While an experience with a loved one who has passed on may be profound, it may not necessarily be solemn. In this story, Lori writes about a light-hearted moment with her departed mother as she attempted to repair an important a household item:
“My mother and I were extremely close. I love and miss her dearly. I know she is never too far from me. She sends me signs all the time.
“I recall talking with her before she got really sick. She let me know that she was not afraid of dying. She told me that, when she was a little girl, she became quite ill and was pronounced dead briefly. She said death was not scary, it was peaceful and calming. I knew she was reassuring me that, when the time came, she would be fine.
“I asked that she send me a sign after death to let me know she was okay. She took on a mischievous grin and I quickly said, “Don’t you dare come as a ghost!” She laughed and assured me she wouldn’t. “I know you pay attention to your dreams,” she said, “so I’ll visit you there.”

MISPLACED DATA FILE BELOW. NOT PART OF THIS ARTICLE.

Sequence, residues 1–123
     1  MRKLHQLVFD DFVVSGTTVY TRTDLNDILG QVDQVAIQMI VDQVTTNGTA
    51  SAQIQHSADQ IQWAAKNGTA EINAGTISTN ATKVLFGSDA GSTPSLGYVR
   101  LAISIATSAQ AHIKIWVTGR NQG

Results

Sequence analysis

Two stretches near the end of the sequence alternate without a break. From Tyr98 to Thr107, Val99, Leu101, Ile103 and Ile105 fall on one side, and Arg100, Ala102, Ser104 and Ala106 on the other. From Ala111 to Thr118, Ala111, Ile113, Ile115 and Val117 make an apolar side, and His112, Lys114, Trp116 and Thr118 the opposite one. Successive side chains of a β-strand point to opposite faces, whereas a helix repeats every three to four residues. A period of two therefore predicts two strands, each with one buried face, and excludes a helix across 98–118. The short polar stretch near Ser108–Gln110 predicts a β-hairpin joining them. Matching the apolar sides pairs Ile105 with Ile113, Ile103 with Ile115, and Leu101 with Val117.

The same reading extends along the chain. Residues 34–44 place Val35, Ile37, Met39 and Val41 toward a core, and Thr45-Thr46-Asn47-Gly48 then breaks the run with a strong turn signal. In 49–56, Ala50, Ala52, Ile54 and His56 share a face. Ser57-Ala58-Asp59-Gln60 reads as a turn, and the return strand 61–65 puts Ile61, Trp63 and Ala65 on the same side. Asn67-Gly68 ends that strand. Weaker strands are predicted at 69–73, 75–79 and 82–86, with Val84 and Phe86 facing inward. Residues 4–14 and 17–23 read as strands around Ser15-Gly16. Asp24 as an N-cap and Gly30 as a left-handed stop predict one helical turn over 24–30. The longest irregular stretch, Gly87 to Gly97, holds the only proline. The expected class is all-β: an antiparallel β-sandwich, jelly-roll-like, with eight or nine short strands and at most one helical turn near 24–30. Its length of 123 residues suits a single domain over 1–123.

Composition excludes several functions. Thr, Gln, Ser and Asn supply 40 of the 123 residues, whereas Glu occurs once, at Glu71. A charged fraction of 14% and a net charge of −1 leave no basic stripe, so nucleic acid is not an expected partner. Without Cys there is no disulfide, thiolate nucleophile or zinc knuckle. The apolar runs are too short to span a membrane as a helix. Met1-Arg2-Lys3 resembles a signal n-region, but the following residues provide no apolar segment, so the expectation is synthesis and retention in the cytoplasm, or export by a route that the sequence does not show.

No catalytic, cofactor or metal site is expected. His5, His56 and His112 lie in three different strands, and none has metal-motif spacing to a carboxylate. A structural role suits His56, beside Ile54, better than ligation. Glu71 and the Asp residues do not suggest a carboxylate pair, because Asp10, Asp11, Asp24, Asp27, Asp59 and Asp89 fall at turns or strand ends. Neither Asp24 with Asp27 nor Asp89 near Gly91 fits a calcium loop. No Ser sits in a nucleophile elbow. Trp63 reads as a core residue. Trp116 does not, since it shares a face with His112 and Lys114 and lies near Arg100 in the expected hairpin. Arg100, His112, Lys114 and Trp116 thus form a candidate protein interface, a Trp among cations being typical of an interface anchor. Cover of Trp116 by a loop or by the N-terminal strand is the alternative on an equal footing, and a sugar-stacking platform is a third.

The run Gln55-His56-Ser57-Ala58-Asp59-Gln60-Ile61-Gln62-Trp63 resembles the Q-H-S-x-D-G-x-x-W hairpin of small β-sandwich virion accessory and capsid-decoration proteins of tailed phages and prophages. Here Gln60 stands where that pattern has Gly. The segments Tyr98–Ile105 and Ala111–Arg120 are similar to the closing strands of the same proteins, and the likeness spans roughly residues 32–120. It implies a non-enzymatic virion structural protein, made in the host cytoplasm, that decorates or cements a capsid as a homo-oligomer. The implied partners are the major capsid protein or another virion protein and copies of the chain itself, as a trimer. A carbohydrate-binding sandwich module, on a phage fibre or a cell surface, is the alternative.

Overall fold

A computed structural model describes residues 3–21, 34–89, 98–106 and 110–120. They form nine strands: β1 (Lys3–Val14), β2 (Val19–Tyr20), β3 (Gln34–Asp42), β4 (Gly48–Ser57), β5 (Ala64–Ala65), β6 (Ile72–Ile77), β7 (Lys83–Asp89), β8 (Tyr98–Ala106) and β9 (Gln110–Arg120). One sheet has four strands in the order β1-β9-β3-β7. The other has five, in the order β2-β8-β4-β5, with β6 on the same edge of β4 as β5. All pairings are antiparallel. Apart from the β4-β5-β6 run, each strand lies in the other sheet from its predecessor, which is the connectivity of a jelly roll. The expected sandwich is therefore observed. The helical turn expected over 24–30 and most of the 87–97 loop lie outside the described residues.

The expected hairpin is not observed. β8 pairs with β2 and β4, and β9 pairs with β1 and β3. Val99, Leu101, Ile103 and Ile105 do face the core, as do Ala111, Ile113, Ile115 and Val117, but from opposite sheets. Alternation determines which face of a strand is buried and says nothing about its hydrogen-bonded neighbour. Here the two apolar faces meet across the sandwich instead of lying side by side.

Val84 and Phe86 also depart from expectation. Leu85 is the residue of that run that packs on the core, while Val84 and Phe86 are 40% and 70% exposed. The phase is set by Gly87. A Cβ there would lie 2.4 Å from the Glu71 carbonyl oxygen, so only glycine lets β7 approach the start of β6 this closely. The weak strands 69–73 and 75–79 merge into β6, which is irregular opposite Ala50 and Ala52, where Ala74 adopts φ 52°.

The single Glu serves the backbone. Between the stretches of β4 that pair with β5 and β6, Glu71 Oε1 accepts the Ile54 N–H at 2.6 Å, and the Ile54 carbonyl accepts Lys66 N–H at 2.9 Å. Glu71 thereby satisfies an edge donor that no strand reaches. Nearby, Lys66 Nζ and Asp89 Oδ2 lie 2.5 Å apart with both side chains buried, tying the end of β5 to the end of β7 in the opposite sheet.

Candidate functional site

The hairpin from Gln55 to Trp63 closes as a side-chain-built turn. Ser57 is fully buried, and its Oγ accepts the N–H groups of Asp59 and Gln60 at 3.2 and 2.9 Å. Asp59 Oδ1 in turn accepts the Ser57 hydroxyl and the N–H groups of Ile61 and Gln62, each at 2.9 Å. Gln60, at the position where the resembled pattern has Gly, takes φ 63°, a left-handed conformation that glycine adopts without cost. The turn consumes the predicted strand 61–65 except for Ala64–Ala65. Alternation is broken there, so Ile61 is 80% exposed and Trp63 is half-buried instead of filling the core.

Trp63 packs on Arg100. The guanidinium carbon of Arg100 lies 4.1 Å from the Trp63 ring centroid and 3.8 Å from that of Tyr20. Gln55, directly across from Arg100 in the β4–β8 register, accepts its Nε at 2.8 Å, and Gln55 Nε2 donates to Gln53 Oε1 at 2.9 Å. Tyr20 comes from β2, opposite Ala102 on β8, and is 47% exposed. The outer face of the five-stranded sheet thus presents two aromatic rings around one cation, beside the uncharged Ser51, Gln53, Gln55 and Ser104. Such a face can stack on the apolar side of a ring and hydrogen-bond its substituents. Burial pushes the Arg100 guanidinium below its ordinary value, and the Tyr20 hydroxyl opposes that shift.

“My mother visits me often, but dreams aren’t her only method. She had a wonderful sense of humour and continues to give us laughs long after her death. One of her favourite words was “toilet”. Don’t ask me why, it just was. She would say the word and laugh, then make you say it. She said it would just roll right off the tongue.
“One day, long after my mother’s passing, I had trouble with the toilet in my townhouse unit. Instead of calling maintenance, I decided to fix it myself. (My father was not a handy man at all, so Mom and I would often tackle repairs before calling in the experts.)
“This day, I was focused on the problem at hand, trying to figure out the issue and how I could repair it. Out of nowhere, I heard my mother’s voice: “TOILET!” it said. I started to chuckle. The voice came again. “Say it with me: TOILET!”
“I laughed. ‘Hi Mom! Look at me, I’m fixing my toilet! There I said it with you!’
“So, I was able to fix the toilet—and to enjoy an auditory visit with Mom at the same time.”